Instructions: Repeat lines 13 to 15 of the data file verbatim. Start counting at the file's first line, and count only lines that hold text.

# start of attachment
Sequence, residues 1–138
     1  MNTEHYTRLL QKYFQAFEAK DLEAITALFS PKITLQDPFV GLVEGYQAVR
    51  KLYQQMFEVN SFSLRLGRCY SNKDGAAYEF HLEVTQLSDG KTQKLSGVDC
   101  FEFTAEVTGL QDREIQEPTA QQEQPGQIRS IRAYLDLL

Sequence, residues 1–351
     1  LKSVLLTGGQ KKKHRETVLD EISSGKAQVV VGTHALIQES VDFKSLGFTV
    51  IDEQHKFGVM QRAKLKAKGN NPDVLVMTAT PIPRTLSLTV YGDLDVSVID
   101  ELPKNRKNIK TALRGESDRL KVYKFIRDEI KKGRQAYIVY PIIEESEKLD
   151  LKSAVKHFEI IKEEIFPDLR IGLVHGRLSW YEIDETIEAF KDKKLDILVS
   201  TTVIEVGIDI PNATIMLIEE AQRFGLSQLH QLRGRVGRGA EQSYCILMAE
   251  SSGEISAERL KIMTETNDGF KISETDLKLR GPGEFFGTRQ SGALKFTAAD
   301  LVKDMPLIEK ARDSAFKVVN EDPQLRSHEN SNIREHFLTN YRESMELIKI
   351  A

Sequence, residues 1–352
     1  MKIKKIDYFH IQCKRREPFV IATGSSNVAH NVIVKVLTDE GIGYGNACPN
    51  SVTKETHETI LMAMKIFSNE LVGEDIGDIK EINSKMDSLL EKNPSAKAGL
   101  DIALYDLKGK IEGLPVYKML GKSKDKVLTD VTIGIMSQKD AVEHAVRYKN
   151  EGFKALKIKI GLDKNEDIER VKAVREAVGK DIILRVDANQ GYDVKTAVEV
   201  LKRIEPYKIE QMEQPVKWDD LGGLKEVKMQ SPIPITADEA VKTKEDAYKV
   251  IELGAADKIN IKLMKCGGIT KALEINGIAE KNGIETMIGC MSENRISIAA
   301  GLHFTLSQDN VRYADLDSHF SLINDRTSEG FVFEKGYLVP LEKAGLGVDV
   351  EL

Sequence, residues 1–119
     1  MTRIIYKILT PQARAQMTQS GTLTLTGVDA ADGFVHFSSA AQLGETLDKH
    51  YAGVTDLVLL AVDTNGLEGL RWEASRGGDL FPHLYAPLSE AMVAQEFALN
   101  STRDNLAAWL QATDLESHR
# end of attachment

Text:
   351  A

Sequence, residues 1–352
     1  MKIKKIDYFH IQCKRREPFV IATGSSNVAH NVIVKVLTDE GIGYGNACPN